By Rebecca Villaneda, Peninsula News
November 26, 2007
It's the plight of animals that motivated Rancho Palos Verdes resident Sarah Ruttenberg to start an animal club at her school.
"I want to educate as many people as I can get to," Ruttenberg said. "It's not that people don't
want to help -- it's that people don't know how or why they should, or how serious some of the problems are."
The Rolling Hills Preparatory School junior experienced a memorable summer that secured the idea, including a two-week educational program at Busch Gardens in Florida and taking a lost dog to a shelter, which was her first visit.
"That really hit me," she said. "I was upset just seeing the animals behind cages."
When an employee noticed her empathy, she asked Ruttenberg if she was interested in volunteering, and right away she said, "yes."
"I knew that I could try and make it a little happier for the animals," Ruttenberg said. "I didn't think I could handle it, but what made me volunteer was I realized that they were just going to stay like that unless I went and helped and did something about it."
Still in its beginning stages, the RH Prep Animal Club meets every Thursday during lunchtime.
To Ruttenberg's surprise, her club members consist mostly of middle school-aged students.
"I think the kids my age are a little busy with school; they don't really want to deal with saving the world right now," Ruttenberg said. "I think I care a little more about it, which I think is kind of sad, but somebody's got to do it."
Linda Tang, RH Prep biology and anatomy teacher, and Animal Club advisor, said she's happy that the club is part of the school and that Ruttenberg is doing this for other kids.
"It's a very important message, especially for kids at this stage of their life where they love animals and they have a genuine heart and they really want to help," Tang said. "[Ruttenberg
is] a good teacher -- She's able to express her thoughts about animals and get all the other kids passionate about how she's feeling."
The issues closest to her heart, Ruttenberg said, are animal abuse and the decrease in the gorilla population due to the popularity of bush meat.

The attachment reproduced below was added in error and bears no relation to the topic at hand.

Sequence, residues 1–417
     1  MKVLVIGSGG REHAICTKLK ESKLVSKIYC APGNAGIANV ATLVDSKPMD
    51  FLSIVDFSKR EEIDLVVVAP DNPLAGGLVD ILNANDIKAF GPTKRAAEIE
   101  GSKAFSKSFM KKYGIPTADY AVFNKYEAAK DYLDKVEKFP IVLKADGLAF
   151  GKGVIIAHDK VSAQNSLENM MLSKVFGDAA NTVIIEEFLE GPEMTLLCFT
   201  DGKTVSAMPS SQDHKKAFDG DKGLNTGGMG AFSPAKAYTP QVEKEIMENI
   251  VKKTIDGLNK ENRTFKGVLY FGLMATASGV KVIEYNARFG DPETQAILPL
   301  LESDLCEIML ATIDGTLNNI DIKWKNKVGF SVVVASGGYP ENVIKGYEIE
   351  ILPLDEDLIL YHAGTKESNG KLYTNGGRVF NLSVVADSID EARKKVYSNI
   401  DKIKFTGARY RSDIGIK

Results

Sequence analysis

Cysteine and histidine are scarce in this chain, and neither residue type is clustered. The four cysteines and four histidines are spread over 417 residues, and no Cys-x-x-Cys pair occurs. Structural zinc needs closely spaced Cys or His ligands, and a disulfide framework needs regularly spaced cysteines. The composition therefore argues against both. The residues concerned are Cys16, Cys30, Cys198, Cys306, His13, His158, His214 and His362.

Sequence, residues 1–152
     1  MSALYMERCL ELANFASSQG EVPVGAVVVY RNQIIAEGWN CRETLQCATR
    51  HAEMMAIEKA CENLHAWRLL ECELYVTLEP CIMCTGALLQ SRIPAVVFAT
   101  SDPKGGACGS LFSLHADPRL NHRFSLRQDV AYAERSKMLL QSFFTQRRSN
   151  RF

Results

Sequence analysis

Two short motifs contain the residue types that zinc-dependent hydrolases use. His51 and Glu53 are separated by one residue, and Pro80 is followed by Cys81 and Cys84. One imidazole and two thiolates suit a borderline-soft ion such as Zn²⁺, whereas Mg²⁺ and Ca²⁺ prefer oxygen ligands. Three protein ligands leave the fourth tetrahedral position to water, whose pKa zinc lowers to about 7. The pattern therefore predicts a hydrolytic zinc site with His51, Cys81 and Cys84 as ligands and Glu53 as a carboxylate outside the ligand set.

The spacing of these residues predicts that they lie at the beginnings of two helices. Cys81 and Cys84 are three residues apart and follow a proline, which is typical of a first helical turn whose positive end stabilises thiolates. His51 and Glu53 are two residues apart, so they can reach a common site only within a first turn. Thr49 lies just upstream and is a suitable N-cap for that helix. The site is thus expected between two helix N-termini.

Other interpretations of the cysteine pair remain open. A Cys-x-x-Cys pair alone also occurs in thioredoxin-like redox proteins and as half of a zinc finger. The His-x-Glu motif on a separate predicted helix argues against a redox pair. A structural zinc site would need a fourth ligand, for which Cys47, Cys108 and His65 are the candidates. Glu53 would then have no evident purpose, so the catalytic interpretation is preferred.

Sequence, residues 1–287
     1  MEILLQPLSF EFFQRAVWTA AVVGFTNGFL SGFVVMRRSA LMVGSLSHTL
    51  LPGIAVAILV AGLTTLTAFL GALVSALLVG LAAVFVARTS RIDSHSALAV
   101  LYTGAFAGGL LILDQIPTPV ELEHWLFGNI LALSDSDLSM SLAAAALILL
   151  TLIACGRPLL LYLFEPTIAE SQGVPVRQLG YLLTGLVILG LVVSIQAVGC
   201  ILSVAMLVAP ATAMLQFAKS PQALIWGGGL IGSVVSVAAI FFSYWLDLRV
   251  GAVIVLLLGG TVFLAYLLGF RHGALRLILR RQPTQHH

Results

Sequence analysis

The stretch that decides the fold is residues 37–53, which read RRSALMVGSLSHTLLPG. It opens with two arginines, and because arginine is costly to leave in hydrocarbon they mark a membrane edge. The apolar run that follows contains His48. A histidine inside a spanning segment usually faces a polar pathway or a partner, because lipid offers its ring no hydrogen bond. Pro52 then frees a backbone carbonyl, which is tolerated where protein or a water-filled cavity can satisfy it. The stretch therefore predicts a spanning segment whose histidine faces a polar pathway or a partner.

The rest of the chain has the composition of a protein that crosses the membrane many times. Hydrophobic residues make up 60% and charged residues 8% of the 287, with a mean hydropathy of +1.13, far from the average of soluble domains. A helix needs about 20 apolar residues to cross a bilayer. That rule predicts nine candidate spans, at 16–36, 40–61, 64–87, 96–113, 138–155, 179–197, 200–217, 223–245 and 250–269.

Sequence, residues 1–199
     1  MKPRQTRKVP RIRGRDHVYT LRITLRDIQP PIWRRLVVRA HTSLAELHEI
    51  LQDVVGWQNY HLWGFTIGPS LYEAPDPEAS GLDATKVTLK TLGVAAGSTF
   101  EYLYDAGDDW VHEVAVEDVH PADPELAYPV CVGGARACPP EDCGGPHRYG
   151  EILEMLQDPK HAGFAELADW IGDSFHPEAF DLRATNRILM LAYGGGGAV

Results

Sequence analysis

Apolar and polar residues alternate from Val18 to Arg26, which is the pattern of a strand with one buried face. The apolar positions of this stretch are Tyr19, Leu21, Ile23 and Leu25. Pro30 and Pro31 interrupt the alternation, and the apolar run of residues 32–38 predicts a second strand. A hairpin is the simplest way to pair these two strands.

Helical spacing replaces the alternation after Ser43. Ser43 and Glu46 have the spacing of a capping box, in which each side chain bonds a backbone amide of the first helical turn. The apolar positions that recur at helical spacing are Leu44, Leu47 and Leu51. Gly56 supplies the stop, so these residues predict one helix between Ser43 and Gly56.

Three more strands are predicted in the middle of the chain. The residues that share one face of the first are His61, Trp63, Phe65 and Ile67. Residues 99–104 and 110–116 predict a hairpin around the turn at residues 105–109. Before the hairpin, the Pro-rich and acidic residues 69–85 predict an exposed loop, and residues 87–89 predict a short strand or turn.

"We need to find a way for that to stop," she said. "People are trading gorilla hands and heads and putting them on the black market."
Through her aspirations to become a traveling animal rights activist, Ruttenberg hopes to address this very problem.
"I hope to travel around the world and educate people who don't have education about these things
-- like go to Africa and maybe teach the next generation of people, who would be bush meat hunters, to get a new source and come up with new ways," she said.
As for club members, she wants to "show them that these animals can't do anything for themselves in these situations, and not only do we need to speak for them, we need to act for them."
The Animal Club's first project is a bake sale to raise funds for endangered snow leopards. Money raised will be sent to the World Wildlife Federation.
In the future, Ruttenberg wants to organize a club trip to the Los Angeles Zoo, host public forums and hold collection drives for local shelters.
"She initiated this," Tang said. "She wanted to do something about animals at school to raise awareness about animal conservation and things that are going on around the world that require attention.
"Her love for animals is the No. 1 reason why she does this, and that includes saving other animals that are just not her pets," added Tang.
Ruby, Ruttenberg's 10-year-old border terrier, had to learn to share the doggie door when she brought home a Chihuahua from the Harbor Shelter in San Pedro where she volunteers.
Ruttenberg grew attached to him and now calls him a "poster child for foster dogs." A month later, Ruttenberg still is trying to find him a home and put his picture on the Animal Club brochure.
There's a quote that Ruttenberg chose to describe her club and the mission behind it: "The only way to make your dreams come true is to wake up."
"I think that means a lot, because everybody talks that this is awful that this is happening [to animals], but apparently it's not awful enough for them to do anything about it," she said. "I want [people] to realize that they can do something."
"To help as many helpless animals as I can. I don't have a main animal -- As many as I come across."